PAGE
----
Defining Big Data
Ask 10 experts to define Big Data and you’ll get three different answers. But when Future Lab asked the experts to explain how Big Data is being used in the realm of physical security, the answer is unanimous: Big Data in the realm of physical security is in its infancy.
But first, what exactly is Big Data?
“With every new technology, there is always a shakeout at the beginning,” says Wilco Van Ginkel, co-chair of the Cloud Security Alliance’s Big Data Working Group. “At this stage, we’re always asking ourselves: What is this? What does it mean? We did the same thing five years ago with the cloud. Today, we have a general consensus of what the cloud is. We are moving toward that with big data.”
At its core, Big Data is a general term for data sets that are too large or complex to analyze with traditional tools. While data and the analysis of data have always been with us in one form or another, the meaning has changed over time.
“Think about 32GB of data,” says Van Ginkel. “Fifteen years ago, that was a lot. Nowadays, you’re considered a loser if you don’t have 40 GB of data on your smartphone,” he says with a laugh. “The difference today is, the solutions that process that volume of data have changed.”
“Get rid of the human element and get the data to self regulate.”
“Amazon is the classic example,” says Banerjee. “When Amazon started, they had a team of experts in different areas of books. When they would start selling a new book, they would have someone write a review to say: If you liked this book, you may also like these other books. So you’d have these people who were product experts, who would comb through the thousands of item on Amazon and say: If you bought this phone, you’ll probably want this charger. If you bought this Kindle, you’ll probably be interested in these Kindle covers.”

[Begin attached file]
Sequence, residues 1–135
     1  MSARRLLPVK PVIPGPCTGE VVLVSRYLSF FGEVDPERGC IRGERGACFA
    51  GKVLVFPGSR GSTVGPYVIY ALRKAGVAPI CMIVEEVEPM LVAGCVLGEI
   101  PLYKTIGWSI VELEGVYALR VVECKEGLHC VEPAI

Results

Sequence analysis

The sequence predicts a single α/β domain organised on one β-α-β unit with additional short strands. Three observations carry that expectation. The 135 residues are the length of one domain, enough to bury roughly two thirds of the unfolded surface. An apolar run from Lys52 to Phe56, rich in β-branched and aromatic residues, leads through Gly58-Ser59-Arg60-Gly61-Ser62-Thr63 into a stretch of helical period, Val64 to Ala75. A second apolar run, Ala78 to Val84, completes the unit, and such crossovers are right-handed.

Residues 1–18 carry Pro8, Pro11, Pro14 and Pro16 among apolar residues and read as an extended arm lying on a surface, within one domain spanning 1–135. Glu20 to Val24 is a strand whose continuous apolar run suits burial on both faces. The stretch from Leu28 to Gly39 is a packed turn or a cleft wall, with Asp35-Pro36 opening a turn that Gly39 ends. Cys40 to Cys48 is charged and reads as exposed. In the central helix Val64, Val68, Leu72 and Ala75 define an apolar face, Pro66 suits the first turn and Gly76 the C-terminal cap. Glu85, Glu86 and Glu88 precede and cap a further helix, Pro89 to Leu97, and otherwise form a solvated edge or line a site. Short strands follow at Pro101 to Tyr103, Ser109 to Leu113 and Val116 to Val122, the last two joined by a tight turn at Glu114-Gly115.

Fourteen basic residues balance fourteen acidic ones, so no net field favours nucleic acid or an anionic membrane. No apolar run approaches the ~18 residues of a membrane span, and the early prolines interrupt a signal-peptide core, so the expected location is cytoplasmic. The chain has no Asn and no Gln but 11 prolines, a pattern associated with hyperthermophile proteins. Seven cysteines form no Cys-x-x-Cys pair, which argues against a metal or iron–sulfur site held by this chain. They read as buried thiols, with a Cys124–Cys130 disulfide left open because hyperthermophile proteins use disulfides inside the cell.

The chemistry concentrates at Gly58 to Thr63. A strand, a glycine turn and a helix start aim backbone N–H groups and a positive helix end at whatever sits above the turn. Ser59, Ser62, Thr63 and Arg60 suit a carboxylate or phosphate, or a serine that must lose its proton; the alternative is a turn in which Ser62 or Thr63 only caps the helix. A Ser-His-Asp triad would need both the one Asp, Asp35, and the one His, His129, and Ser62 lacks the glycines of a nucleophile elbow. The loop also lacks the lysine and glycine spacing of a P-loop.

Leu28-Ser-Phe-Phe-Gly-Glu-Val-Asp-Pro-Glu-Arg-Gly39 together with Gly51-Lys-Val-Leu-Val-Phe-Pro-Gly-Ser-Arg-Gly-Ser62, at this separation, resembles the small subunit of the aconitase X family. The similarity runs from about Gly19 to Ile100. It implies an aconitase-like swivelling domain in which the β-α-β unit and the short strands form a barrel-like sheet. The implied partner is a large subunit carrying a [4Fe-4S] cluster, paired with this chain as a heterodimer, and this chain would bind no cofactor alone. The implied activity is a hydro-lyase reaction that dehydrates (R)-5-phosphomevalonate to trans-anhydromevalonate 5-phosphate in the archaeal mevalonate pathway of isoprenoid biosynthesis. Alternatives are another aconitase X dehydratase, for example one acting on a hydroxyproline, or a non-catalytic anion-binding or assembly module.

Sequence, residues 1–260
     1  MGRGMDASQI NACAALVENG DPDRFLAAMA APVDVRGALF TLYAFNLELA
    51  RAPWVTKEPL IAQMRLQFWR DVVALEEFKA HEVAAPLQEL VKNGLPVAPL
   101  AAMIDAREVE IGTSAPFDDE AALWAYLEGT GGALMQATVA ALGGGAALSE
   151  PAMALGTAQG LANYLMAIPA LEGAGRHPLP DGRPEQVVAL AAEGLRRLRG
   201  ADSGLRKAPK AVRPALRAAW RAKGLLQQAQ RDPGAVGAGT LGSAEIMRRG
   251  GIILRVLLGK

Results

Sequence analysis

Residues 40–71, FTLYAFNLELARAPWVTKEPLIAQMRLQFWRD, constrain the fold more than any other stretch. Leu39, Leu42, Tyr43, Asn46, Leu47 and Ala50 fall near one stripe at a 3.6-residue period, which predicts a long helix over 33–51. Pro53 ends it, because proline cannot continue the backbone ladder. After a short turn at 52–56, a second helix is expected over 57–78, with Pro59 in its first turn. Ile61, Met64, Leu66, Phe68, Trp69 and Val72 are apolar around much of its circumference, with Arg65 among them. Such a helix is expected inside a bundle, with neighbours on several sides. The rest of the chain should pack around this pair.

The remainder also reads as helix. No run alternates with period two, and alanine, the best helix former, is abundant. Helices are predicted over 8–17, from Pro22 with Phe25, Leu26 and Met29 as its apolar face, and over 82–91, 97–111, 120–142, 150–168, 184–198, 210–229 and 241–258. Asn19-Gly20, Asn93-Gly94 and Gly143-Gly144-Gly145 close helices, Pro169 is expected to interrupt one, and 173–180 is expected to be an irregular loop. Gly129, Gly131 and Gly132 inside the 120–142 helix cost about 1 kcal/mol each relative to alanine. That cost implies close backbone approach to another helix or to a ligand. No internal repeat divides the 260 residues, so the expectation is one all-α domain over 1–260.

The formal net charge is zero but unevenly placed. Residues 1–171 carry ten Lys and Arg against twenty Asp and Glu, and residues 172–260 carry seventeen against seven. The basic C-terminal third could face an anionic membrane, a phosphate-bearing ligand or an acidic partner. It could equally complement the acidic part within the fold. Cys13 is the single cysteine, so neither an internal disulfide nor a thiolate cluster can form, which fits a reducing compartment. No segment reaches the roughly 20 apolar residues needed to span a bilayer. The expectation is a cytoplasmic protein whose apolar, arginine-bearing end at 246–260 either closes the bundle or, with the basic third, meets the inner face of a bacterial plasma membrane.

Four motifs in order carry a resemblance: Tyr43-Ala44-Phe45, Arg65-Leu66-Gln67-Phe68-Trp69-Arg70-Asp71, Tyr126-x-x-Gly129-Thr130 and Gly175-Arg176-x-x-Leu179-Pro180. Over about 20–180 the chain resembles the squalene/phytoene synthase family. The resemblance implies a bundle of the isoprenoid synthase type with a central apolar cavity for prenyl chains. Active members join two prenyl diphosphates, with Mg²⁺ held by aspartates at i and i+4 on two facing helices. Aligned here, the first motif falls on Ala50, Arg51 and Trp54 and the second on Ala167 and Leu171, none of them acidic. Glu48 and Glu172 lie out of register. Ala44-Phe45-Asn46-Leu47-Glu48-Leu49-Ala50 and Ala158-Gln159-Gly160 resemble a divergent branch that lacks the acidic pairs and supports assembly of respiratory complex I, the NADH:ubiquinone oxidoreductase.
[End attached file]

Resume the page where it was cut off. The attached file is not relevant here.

Where Big Data begins to creep in, explains Banerjee, is when there are so many thousands of books, chargers, cameras and kindles, that human beings cannot keep up with what’s available.
“So Amazon said, forget it, we’re going to get rid of the human element and get the data to self regulate,” Banerjee says. “So I buy a camera. The computer now has 10,000 purchases of that camera each week. It starts to draw patterns of what people buy along with that camera. The computer doesn’t need a human expert – it doesn’t even need to be correct. It’s a correlation. That is the beauty of Big Data.
With Big Data, you stop asking why and you let the data find a correlation and speak for itself.”
So, if Amazon is using Big Data to tell shoppers what they might like to buy, how are physical security experts utilizing Big Data?
We have looked at the progression of Big Data in physical security in an article titled Big Data in physical security.
By Rachel Sa